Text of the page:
|He Zhili (Chire Koyama)|
|Nationality||China, then Japan|
|Born||30 September 1964|
He Zhili (simplified Chinese: 何智丽; traditional Chinese: 何智麗; pinyin: Hé Zhìlì; born 30 September 1964 in Shanghai), also known by her married name Chire Koyama (小山 ちれ Koyama Chire), is a former table tennis world champion from China who later naturalized as a Japanese citizen and represented Japan under her married name.
Representing China as He Zhili, she was the runner-up in both singles and doubles at the Seoul Games in 1986. Koyama won the 1994 Asian Games singles title in Hiroshima, Japan playing for her adopted country.
Representing China, she won the singles and team gold  during the 1987 World Championships in New Delhi, India. However, she left the national team soon after as a result of her decision to not throw away matches to her teammates. The 1987 world championship semi-finals featured 3 Chinese women and the Korean Yang Young-Ja. In the first semi-final, China's Dai Lily led 18-12 in the final set but she blew the lead and lost 21-18 to Yang Young-Ja. It is alleged that the Chinese coaches (Zhang, Xielin) thought that Guan Jianhua had a better chance of beating Yang Young-Ja in the final, and ordered He Zhili to lose the semi-final. She refused to obey the order and won the match. The Chinese coaches had no option but to support her in the final to increase the country's tally of medals. He Zhili was brilliant in the final and beat Yang Young-Ja. But she left the team because of the episode and migrated to Japan.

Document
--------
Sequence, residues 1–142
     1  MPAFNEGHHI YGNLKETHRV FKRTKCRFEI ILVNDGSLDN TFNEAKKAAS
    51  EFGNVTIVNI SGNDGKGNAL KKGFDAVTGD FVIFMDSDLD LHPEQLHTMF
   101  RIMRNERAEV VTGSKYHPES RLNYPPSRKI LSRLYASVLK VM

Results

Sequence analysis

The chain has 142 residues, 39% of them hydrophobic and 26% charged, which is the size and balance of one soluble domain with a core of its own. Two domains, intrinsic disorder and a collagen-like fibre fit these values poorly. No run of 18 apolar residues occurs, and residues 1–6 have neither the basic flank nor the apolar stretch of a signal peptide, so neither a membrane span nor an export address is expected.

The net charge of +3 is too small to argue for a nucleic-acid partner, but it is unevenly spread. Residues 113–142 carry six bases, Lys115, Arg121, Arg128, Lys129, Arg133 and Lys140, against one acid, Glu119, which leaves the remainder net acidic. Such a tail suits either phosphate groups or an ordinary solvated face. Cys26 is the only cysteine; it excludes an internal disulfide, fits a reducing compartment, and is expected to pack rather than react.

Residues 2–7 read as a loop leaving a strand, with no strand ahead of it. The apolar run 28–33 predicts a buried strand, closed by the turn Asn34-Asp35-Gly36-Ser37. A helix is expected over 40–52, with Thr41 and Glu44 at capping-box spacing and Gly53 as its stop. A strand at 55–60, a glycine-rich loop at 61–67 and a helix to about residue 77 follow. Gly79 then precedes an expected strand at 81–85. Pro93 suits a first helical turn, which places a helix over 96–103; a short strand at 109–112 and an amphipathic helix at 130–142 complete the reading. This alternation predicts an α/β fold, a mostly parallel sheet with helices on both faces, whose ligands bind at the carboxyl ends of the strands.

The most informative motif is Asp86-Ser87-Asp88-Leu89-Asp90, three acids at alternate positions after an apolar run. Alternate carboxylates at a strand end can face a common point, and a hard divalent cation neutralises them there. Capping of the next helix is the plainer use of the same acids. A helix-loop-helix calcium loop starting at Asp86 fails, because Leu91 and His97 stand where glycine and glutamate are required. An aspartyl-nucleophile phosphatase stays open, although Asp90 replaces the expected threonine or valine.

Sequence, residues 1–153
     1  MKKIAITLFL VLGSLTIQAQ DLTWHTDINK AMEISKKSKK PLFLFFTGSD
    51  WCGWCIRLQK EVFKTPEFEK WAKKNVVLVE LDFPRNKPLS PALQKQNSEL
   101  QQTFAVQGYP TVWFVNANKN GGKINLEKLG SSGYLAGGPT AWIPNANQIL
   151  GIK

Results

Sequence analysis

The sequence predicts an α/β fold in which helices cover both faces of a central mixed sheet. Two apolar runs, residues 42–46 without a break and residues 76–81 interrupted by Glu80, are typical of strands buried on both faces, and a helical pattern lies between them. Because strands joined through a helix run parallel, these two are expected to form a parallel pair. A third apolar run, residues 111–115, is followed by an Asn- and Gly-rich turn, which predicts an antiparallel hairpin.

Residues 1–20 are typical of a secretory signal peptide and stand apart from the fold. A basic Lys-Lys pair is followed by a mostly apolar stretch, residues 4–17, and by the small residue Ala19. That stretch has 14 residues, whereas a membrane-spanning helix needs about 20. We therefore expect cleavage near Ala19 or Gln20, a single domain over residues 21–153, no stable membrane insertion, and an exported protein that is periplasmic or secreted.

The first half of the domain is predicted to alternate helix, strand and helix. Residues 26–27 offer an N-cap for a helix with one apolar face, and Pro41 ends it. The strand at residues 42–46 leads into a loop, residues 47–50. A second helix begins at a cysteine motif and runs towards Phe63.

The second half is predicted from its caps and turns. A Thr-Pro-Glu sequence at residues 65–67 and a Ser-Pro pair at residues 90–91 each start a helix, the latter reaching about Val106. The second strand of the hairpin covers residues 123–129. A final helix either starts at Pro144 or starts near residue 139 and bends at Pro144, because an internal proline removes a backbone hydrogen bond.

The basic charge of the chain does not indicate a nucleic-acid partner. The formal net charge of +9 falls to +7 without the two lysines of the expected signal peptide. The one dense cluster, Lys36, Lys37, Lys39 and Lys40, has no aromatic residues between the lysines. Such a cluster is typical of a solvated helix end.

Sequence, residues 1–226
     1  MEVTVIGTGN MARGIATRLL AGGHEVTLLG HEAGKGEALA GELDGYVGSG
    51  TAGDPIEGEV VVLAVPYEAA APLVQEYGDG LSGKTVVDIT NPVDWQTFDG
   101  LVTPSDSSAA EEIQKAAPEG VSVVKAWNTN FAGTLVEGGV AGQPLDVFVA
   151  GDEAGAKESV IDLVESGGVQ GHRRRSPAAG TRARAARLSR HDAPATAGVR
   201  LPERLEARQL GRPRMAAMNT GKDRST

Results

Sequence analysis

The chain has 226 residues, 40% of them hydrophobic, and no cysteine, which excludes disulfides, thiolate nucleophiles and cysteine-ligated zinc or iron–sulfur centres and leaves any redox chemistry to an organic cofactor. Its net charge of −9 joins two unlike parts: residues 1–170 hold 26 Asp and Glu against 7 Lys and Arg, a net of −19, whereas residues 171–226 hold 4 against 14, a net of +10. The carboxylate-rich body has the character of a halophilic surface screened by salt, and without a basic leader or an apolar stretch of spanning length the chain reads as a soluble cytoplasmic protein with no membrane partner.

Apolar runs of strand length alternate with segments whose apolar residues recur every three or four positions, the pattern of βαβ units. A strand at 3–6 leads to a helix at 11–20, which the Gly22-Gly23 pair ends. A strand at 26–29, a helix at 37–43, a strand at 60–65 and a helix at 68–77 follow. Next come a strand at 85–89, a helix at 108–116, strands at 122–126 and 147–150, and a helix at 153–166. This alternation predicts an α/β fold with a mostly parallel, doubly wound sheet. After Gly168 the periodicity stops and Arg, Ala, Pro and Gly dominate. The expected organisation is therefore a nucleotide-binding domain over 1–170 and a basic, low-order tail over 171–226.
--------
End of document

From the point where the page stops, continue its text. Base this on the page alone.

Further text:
He Zhili married and later divorced, Koyama Hideyuki, a Japanese national and settled in Japan. She adopted her husband's surname (her given name “Chire” is the Japanese pronunciation of the same Chinese Characters of “Zhili”).
- Chire Koyama Sports Reference. Retrieved 9 March 2011
- Koyama Chire International Table Tennis Federation. Retrieved 9 March 2011
- "1987 Swaythling Cup results" (PDF). Table Tennis England.
- "a Special Correspondent, Delhi. "Chinese win yet again." Times, 25 Feb. 1987, p. 37". Times Digital Archive.
- Should we pardon Koyama Chire? by Hu Ziwei Danwei 2007. Retrieved 9 March 2011
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